Friday, 16 November 2007

CHRIS SOTH AND SATAN...

...are the same person!

Well no, I made that bit up. Nuns - no sense of humour.

Lock and Load went mad and lashed out the money from the collection plate on Chris Soth's mini-movie method, the reading of which did not make me cry, my head hurt or caused me to shoplift the communion wine. We have Sister Mary Carlsberg for that.

I'm a little suspicious of Gurus who claim that their method is the only one. I suspect that, in keeping with us ordinary mortals, everyone has their own way of writing a script based on a hundred random approaches, a mish-mash of theories, ideas, courses, discussion, sheer bloody-mindedness and so forth.

Chris Soth divides the structure of a film into eight mini-movies which renders them less scary. His 'book' comes in pdf format (away with tedious page turning!) and just as an experiment, I shall write a script the structure of which will be based on his ideas which I shall post about from time-to-time for your edification and amusement.

Thank you to Lucy for her original post on Soth's method. Click on his name for further details on the right.

In other news, Amazon sent a message this morning. In the subject header were the cryptic words 'We have received Satan...' I assured the Good Sisters that any recreation of Ken Russell's 'The Devils' was unnecessary. It was merely an acknowledgement of my returning the DVD Satan (starring Vincent Cassel). Not good if you're squeamish about eyes.

So, all you would-be gurus out there. If you had one piece of advice to give an adoring acolyte, what would it be?

9 comments:

Jon Peacey said...

Where did this Chris Soth mini-movie method come from? It keeps sounding as if it's something ultra-new yet I was taught something ever so similar back in 2004. It had a different name (or rather no name at all) but it's very similar.

By the way, today I got a message from HMV that Satan is on his way... I am very squeamish about eyes though... that's going to be, er, fun...?

Elinor said...

Yes Jon, it will be fun but it will also be very French.

Jon Peacey said...

...but it's eyes... if there's a razor blade, cut-throat, scalpel or knife I'm out of there!!!

...but as long as it's not shockingly terrible like Haute Tension!

Elinor said...

Ooh! Tell about Haute Tension...?

Jon Peacey said...

There's not really that much to tell: it starts off as a strong slashery-type film with, indeed much tension (though less height, b-dum!) and that genre standard women in peril. And all goes most swimmingly for much of the running-time... and then comes a twist so monumentally stooopid that I could no longer take the film seriously! I can't say too much without giving the film away but, put it this way, as the credits rolled and the cat stretched... I didn't feel on edge, as I would prefer, but slightly cheated and confused. But with a distinctly Gallic sense of Ennui!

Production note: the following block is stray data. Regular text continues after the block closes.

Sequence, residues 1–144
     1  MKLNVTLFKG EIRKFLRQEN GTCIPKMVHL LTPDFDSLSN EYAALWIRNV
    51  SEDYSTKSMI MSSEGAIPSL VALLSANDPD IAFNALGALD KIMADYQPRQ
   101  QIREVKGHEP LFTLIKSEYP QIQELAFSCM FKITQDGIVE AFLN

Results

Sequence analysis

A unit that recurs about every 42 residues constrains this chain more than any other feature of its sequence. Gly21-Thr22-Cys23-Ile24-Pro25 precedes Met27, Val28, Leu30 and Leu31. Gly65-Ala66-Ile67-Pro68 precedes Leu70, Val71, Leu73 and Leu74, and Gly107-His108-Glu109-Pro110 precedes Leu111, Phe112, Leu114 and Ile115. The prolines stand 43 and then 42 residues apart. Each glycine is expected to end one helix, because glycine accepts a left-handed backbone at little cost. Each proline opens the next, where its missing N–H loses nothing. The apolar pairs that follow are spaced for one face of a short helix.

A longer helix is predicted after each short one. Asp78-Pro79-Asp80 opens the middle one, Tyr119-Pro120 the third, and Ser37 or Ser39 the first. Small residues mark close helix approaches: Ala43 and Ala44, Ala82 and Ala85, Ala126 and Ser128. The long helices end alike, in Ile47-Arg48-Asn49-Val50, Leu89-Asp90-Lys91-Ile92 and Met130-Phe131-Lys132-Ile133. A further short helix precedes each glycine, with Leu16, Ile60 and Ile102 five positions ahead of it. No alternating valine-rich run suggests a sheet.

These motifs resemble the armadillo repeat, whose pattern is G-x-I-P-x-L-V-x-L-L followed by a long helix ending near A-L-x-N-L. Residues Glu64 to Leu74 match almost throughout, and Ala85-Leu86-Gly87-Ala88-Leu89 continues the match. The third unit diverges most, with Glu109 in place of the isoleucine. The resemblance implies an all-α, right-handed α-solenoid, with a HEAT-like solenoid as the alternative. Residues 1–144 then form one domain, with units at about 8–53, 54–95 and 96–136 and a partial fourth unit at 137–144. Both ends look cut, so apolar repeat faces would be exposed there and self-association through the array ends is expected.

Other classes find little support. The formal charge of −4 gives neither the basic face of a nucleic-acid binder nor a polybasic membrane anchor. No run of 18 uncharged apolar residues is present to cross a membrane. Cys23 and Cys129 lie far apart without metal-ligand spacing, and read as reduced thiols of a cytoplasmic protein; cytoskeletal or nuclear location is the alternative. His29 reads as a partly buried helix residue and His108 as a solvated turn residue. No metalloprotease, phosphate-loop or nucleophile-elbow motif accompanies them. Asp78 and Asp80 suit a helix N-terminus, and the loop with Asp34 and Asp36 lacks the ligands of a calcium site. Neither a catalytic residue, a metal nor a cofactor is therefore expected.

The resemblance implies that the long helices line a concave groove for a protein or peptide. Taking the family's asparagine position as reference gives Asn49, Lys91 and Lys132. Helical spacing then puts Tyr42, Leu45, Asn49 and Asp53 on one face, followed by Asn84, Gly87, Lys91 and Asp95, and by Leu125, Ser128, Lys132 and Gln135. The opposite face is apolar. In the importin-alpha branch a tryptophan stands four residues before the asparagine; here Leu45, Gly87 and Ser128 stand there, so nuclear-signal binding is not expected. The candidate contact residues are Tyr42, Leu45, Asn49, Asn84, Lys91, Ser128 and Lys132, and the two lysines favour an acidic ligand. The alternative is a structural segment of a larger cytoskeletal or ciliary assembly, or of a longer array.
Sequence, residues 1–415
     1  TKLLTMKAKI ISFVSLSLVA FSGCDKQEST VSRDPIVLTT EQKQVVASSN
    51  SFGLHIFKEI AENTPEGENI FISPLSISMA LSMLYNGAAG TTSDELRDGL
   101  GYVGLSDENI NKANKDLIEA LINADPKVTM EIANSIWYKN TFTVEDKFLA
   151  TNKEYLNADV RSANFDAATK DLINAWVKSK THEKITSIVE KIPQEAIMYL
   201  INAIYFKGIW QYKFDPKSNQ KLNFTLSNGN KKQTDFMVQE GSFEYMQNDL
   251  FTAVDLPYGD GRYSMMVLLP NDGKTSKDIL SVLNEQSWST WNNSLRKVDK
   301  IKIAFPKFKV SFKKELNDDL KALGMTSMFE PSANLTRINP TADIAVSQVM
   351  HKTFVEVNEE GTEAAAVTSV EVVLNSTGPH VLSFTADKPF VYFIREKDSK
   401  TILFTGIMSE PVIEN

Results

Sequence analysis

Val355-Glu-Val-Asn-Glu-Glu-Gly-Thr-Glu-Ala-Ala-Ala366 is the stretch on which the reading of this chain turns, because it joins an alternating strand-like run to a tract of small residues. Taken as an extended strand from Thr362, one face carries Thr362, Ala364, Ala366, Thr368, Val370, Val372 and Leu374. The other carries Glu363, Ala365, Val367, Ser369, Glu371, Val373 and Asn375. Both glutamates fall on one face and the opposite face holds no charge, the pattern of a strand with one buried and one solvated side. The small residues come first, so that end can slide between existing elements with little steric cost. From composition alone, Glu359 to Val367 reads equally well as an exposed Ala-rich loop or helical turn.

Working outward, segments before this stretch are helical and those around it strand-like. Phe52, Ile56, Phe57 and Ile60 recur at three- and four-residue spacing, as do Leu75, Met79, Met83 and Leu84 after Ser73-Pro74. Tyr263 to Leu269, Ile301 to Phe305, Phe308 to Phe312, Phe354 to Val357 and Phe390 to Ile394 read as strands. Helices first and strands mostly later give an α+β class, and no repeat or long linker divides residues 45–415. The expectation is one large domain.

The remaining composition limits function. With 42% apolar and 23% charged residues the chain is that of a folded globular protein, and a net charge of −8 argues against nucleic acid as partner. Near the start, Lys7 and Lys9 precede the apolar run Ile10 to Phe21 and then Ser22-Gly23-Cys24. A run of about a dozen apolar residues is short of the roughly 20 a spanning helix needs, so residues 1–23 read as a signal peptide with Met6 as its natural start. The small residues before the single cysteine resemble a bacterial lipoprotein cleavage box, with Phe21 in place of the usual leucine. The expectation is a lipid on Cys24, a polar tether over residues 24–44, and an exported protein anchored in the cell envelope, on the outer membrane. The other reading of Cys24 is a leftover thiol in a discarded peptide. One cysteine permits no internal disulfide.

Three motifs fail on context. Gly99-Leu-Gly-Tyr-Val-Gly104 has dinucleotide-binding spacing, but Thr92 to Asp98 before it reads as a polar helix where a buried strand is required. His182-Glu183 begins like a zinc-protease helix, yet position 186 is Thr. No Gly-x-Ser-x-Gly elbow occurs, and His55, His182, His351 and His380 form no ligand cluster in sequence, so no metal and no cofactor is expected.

So, 80% enjoyable film, 20% sheer stoopidity! Could have been a genre classic.

Jon Peacey said...

...forgot: does have Cecile de France who's a bit lovely even with a bad haircut.

Chris said...

Hey, it's SATAN.

Love that headline, will try to direct ALL the traffic I can here while it's still up...

Hi Jon and Elinor -- speaking of tension...that, since, if there were one piece of advice from me, that would be the one-word piece of advice I would deliver:

TENSION.

But Elinor knows that by now...Jon, I'm sure you were taught something similar, and I'm glad to hear it. This IS the method I was taught at USC and it's really the "old school" way that filmmakers in the Golden Age of Movies thought about story...what's new is that we can access it again and write better with it, by breaking movies down into smaller, more manageable pieces.

Chris Soth
MillionDollarScreenwriting.com
HollywoodByPhone.com

Elinor said...

Oh no! Busted! And by the mighty Chris himself! Seeing as you are in fact, Satan, I'm glad you have a sense of humour. And the great thing about your method is that reading it doesn't make me want to cry.

Jon Peacey said...

I'm back and with an almost mobile wrist!

The strange thing about some of the methods that are around is when they come along with different names! It's just plain confusing! ;-) One possible reason that it came up from my tutors is because some of them were taught at USC (I think) and also I think some may have taught there... but don't quote me!

I think it was mentioned as Golden Age Old Skool at the time although I don't think anybody mentioned where it originated: presumably it's an extrapolation from the single reel length (12 mins) from the really early days. 8x12' being 96'. Just hypothesizing!

As for Tension... I wish someone had mentioned at the beginning of my course that it could be 'Dramatic' tension... I spent a whole semester just flinging in what I assumed to be tense chases purely because the term wasn't qualified... and I sometimes take things a little bit literally. I should really have been able to work it out given some of my tastes: not that many chase sequences in Bergman, Tarkovsky or Kieslowski!